Absent from convention, Schneider 'focused on the district'
CHARLOTTE, N.C. -- As Brad Schneider campaigns for Congress across the Northern suburbs, he can expect to see a lot of friendly faces.
The 10th Congressional District the Deerfield Democrat hopes to represent has garnered attention as the most Democratic-leaning district in the nation that's now held by a Republican, U.S. Rep. Bob Dold of Kenilworth.
Among suburban congressional districts intensely fought over by Democrats and Republicans, Schneider is one of his party's best shots to gain a U.S. House seat, at least on paper.
Yet, as Illinois delegates leave the Democratic National Convention today energized for the final push of the campaign, they leave without having seen Schneider all week. He stayed in Illinois, opting to host local parties to watch President Barack Obama's speech Thursday night.
"We're focused on the district," Schneider said. "We need to be here in the mix."
Schneider is one of a number of Democrats across the country who heeded the advice of national party official and New York Congressman Steve Israel, who earlier this year urged candidates to stay away from the convention in Charlotte, N.C., and focus on the campaign back home.
In some tight races, skipping the convention was seen as a way for Democrats to demonstrate an independent streak and distance themselves from Obama -- a tactic that could be valuable to Schneider as both he and Dold try to move to the political middle to woo voters in the 10th District, which includes much of Lake County and northern Cook County.
But Schneider says that's not why he stayed home. In fact, he proudly points to his attendance at the 2008 Democratic National Convention in Denver as an observer, using tickets his parents won to attend.
He says he wanted to devote the time to campaigning, and rolled out his first TV commercials this week.
After all, Schneider pointed out, the 10th District trends Democratic, having been drawn that way by Illinois Democrats who, as the state's party in power, engineered the once-per-decade remapping.
The portion that overlaps with Dold's current district voted for Democrat Dan Seals in 2010 during a national Republican wave, Schneider says. And that year the remaining territory covered by the new district, he said, supported Democratic U.S. Reps. Jan Schakowsky, who won, and Melissa Bean, who lost.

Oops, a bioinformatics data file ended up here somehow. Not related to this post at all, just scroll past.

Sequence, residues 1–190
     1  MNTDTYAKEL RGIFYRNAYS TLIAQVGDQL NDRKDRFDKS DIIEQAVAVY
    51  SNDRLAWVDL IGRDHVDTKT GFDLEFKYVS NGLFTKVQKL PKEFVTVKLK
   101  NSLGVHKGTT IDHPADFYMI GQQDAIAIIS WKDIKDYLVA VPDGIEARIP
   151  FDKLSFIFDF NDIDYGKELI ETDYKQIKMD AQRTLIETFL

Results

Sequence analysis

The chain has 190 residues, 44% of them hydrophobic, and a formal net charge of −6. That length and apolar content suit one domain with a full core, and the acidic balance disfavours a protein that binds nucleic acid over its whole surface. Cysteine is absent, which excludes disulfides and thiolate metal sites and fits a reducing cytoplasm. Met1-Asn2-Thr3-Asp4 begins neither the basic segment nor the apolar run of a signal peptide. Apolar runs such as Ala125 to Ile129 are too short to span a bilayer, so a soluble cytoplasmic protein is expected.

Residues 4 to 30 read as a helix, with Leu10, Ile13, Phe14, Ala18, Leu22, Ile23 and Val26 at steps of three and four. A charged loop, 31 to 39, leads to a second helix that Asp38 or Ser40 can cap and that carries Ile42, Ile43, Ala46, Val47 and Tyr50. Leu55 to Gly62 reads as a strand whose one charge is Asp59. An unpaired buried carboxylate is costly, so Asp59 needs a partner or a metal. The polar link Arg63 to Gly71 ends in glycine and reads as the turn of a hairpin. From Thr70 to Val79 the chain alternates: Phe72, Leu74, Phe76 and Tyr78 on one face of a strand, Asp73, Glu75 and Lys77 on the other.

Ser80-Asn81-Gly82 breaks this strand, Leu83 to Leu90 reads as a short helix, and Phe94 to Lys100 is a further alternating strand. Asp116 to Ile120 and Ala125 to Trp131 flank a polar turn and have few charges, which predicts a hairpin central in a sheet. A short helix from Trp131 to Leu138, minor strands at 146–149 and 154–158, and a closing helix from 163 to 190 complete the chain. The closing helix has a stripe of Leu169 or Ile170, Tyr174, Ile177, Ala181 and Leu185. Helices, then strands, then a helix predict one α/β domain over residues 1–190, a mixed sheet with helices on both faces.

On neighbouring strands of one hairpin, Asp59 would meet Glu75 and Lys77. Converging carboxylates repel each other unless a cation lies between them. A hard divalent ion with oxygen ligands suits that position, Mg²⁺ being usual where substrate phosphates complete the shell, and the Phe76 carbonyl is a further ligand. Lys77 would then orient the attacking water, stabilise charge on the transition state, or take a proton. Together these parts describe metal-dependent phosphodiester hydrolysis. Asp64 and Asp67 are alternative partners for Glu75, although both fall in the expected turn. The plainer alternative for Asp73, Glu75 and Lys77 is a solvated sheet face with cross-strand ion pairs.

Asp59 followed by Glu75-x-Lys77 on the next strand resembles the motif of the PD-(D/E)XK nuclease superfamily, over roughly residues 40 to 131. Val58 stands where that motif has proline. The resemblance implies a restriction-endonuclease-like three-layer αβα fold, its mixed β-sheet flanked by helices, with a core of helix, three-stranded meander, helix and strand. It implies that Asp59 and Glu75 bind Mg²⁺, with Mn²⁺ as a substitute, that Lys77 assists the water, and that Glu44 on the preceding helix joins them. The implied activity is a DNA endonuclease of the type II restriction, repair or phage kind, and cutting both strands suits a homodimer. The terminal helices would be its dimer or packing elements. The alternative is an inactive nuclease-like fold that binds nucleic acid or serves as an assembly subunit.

"This district supports the president by a good majority," Schneider says.
Schneider's campaign won't be a walk in the park. It's expected to be one of the most expensive in the area, as both parties fight for a majority in the Illinois congressional delegation and control of the U.S. House.
Seals would know. He ran three times in the 10th District and lost three times. He says the new district will help Schneider greatly.
"But Congressman Dold has a strong financial advantage," Seals said.
As of June 30, Dold had about four times as much cash in his campaign fund as Schneider -- $2.1 million to $567,000.
Dold attended his party's convention last week in Tampa, giving a speech to Illinois delegates and mingling with party leaders who have and will continue to donate to his campaign. He also set aside time to campaign in the 10th District.
Seals says the race between Schneider and Dold, boiled down to its simplest form, is a contest between two different advantages.
"I think this is a fight between demographics and dollars," Seals said.
While Schneider campaigned at home, both of his colleagues who are running tight contests in the suburbs -- Tammy Duckworth of Hoffman Estates in the 8th District and Bill Foster of Naperville in the 11th -- had speaking roles at the Democratic convention, to some extent. Duckworth gave a well-received speech from the convention floor on Tuesday, and Foster spoke to Illinois delegates on Wednesday.
Dold, speaking to Illinois' Republican delegation last week, sought to fire up their energy for him.
"We have 68 days left. Your job back home is to make sure we're talking to our neighbors," Dold told them. "This is about do we step forward or do we step backward."
Still, Schneider argues he's embracing the Democratic Party more than Dold is the Republicans.
"He's trying to hide where he's coming from," Schneider says.
Demographics might be with Schneider, but history isn't. The 10th District -- in its various forms -- hasn't been held by a Democrat in a long time.
Before Dold's two years, now U.S. Sen. Mark Kirk represented the district for 10 years. Before that, former U.S. Rep. John Porter served in the 10th District for 22 years. It was Abner Mikva, leaving office in 1979, who last represented the 10th District for the Democrats.
This 10th District is different, though, Schneider says.
"It's not even a sibling of the old 10th," he argues. "It's a cousin."